Consequently, the first timeslot allocation pair 230 of bandwidth assignment table 210 corresponds to Station 1, with the identification portion 233 of that pair set to one (corresponding to Station 1) and the timeslot allocation portion 237 of that pair set to fifteen (representing the number of timeslots allocated to Station 1). The second timeslot allocation pair 230 corresponds to Station 2, with the identification portion 233 of that pair set to two (corresponding to Station 2) and the timeslot allocation portion 237 of that pair set to six (representing the number of timeslots allocated to Station 2). Note that Station 0 does not have a corresponding timeslot allocation pair 230 in bandwidth assignment table 210, as no timeslots are allocated to Station 0. According to an alternative exemplary embodiment, however, each station 110 can have a corresponding timeslot allocation pair 230 in the bandwidth assignment table 210. In such an alternative exemplary embodiment, if no timeslots are allocated to a particular station 110, then the timeslot allocation portion 237 of the timeslot allocation pair 230 corresponding to that station 110 can be set to zero.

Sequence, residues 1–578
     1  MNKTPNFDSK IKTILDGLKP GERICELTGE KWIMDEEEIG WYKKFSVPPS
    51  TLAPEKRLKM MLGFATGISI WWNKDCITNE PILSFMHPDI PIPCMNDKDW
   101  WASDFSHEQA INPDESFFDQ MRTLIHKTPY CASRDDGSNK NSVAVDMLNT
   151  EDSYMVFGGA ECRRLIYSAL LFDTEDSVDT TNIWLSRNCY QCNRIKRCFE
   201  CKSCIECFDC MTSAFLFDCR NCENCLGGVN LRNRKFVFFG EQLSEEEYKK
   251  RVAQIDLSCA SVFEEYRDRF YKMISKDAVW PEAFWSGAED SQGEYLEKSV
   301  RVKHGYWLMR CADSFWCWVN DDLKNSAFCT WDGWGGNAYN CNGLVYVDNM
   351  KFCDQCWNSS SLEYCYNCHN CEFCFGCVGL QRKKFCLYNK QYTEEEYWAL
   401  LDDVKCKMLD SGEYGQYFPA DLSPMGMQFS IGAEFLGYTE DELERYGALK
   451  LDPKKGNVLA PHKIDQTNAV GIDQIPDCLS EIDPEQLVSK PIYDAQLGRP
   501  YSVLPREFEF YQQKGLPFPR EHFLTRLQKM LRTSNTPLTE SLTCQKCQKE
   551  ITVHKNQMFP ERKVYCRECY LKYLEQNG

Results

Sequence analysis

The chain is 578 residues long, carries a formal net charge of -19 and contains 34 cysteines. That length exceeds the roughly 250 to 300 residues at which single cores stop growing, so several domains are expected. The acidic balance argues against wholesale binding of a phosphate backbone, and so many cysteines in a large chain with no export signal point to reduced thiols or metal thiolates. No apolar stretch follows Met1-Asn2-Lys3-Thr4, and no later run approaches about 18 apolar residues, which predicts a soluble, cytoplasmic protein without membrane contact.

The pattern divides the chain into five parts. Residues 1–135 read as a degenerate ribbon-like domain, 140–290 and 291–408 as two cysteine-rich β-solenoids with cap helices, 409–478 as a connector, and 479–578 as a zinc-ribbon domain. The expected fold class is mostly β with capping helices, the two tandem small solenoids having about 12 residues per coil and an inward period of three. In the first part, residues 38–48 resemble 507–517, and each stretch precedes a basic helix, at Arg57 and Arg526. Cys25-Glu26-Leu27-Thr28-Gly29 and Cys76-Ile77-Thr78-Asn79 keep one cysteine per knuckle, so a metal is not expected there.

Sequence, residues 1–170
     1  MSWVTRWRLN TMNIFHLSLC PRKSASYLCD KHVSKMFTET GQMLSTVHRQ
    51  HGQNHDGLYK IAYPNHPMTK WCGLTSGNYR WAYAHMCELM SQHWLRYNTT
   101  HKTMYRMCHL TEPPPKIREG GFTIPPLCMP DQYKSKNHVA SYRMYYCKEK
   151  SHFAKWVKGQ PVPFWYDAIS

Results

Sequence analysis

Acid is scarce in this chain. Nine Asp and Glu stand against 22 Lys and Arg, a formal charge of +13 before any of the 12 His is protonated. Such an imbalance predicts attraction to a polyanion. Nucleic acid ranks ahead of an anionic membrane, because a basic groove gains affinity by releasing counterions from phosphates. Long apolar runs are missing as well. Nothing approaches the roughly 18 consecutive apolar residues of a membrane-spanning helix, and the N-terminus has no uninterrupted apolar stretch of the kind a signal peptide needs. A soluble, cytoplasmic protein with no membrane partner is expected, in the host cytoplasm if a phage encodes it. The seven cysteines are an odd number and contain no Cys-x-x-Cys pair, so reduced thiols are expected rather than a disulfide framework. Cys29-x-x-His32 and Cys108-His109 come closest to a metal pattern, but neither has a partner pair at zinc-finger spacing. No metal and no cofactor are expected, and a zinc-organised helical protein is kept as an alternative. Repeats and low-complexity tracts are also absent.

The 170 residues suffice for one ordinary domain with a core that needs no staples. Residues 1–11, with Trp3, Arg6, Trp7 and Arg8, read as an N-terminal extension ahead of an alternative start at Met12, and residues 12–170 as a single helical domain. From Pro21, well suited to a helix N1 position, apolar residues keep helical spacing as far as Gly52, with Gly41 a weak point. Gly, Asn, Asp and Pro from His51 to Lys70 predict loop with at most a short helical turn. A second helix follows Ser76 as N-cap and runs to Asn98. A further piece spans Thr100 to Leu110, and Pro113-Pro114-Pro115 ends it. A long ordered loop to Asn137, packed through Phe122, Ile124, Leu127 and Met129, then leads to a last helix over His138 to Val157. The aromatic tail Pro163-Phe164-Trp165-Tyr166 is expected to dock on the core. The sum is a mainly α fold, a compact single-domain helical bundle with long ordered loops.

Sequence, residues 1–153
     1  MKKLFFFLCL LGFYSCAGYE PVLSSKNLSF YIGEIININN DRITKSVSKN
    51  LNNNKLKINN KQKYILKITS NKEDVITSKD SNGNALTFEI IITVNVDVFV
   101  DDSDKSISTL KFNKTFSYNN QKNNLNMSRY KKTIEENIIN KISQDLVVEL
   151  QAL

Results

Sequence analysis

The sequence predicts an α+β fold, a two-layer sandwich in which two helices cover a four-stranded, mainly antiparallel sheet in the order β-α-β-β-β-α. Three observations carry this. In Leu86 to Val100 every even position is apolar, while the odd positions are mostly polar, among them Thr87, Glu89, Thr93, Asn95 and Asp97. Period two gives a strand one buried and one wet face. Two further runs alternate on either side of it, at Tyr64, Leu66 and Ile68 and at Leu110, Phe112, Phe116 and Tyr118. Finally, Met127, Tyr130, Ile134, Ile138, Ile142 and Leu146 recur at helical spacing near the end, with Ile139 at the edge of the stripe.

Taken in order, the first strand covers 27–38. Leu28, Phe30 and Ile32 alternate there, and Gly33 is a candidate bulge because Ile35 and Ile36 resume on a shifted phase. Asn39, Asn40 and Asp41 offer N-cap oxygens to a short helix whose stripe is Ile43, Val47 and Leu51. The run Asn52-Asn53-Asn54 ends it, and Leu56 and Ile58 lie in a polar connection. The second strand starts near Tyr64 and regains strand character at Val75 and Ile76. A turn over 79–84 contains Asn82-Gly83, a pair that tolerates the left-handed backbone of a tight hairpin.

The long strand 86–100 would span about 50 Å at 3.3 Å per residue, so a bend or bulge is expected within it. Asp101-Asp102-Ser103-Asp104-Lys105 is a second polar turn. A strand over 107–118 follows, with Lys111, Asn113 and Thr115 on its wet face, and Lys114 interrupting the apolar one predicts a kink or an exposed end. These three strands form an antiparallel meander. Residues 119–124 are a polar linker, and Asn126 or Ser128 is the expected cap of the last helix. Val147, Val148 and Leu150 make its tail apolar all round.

The stations 110 allocated at least one timeslot in the bandwidth allocation message 210 transmit information in the order specified in the bandwidth assignment table 210. Thus, according to exemplary embodiments, the order of transmission of the stations 110 can be prioritized. For example, if a particular station 110 is transmitting high priority traffic, base station 105 can move the timeslot allocation pair 230 corresponding to that station 110 to the beginning of the bandwidth assignment table 210. Consequently, the order of transmission of the stations 110 can be changed or otherwise altered by the base station 105 by rearranging or otherwise reordering the timeslot allocation pairs 230 in the bandwidth assignment table 210 to support the desired transmission order. Thus, exemplary embodiments of the present invention can support quality of service (QoS).